Art and Architecture
Bhutan places great emphasis on cultural conversation, both tangible arts and architecture as well as intangible ways of life and customs. Although skills in various arts and crafts are believed to have existed much earlier, their categorization into 13 forms (Zorig Chusum) was initiated in the 17th Century. These are paper making, stonework, blacksmithing, clay arts, paiting, bronze casting, wood, slate and stone carving, woodturning, woodworking, weaving, silver and goldsmithing, cane and bamboo work, needlework. To preserve and promote the thirteen arts and crafts, two institutes Institute of Zorig Chusum in the capital, and the Trashiyangtse institute of Zorig Chusum in the east were established. In addition to these institutes, numerous small family enterprises have grown around these arts and crafts. These enterprises rely on tourism as well as the fact that the values attached to some of these crafts go beyond their aesthetic significance. For example, farming tools for household use, woven fabrics we wear every day, and ornaments. Certain regions have their specialty art form such as Trashiyangtse in the east excelling in woodturning and Lhuntse in the creation of some of the most intricate hand woven fabrics. One of the most exquisite art forms is the painting or embroidery of sacred religious scrolls (Thangkhas). The subject of these scrolls are generally rooted in religion, and their creation demands knowledge on religious themes as well as artisanship. Their size can vary from modest three feet long Thangkhas hung in family altars to over hundred feet in length Thongdrels (roughly translated as liberation on sight).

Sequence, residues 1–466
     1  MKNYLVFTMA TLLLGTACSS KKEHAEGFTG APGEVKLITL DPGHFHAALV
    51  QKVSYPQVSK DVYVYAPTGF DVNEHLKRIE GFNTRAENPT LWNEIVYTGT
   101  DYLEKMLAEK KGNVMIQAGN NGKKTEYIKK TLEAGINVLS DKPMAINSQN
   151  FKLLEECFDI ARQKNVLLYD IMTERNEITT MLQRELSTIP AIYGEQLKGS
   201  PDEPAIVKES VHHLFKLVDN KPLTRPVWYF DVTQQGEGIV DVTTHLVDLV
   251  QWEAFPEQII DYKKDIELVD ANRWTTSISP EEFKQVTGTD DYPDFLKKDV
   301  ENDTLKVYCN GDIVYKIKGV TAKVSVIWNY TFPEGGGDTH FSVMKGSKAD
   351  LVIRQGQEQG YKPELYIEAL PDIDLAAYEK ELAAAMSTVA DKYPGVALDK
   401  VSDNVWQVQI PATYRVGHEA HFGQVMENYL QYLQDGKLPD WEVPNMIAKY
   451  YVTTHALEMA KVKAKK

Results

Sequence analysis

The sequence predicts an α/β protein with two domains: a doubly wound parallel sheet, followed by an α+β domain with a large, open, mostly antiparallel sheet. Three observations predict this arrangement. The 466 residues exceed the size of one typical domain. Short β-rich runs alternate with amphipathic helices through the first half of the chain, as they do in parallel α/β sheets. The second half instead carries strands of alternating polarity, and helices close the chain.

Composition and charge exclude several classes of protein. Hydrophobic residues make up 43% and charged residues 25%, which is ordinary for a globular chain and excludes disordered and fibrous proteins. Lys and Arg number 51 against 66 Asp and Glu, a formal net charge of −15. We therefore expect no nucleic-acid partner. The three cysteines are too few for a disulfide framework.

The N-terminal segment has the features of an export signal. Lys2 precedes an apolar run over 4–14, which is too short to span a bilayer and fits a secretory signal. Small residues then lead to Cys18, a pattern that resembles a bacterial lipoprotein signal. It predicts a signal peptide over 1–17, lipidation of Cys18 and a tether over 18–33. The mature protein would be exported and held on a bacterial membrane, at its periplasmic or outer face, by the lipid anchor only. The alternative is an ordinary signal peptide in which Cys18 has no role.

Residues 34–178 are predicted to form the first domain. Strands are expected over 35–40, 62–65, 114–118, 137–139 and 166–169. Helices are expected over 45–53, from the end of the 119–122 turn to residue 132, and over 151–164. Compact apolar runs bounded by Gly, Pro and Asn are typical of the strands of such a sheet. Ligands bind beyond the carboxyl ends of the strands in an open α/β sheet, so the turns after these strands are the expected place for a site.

Bhutanese architecture combines different art and craft forms. From small traditional homes that display skills in woodwork, stonework and painting to Dzongs (fortresses) that are a visual delight and architectural and engineering feats, Bhutanese architecture presents one of the most stimulating expressions of Bhutan’s identity. Building materials generally include rammed earth, stones, and abundance of timber. Most of the Dzongs were built in the 17th Century, and are said to have been constructed without structural drawings, nail less, and based on visions and omens. The immense earth walls of Dzongs are punctuated by timber bay windows rabseys (projected windows) normally on the second or third floor, all of which are crowned by intricately decorated cornices. Inside, there are murals, elaborate wood carvings, and paintings on tapering columns, walls, and ceilings. A wide red stripe that goes all the way around a structure signifies a religious building. Bhutan has over 2000 Lhakhangs and over 10,000 chortens of various sizes and architectural beauty. Like the fortresses, traditional homes also use rammed mud or stones walls as the base, depending on climatic conditions and availability of building materials in different regions. The timber bay windows are fitted with sliding wooden shutters. The ground floor is generally used for keeping animals. The first floor is used for residential purposes and includes a room dedicated to the family chapel. Under the roof is an open space, bordered by earth walls, used for storage and drying. The roof is made of wooden shingles, although that is now being replaced by galvanized metal sheets. In most houses in southern Bhutan, rammed earth is plastered over closely matted bamboo. In some parts of rural Bhutan, one storey houses are built on wooden silts. In urban centers today and also seen in the middle of rice fields, cement, bricks and steel are replacing traditional architecture. These concrete apartments and shopping centers continue to retain some elements of tradition in their design of windows, maintaining the cornices, and colorful painting.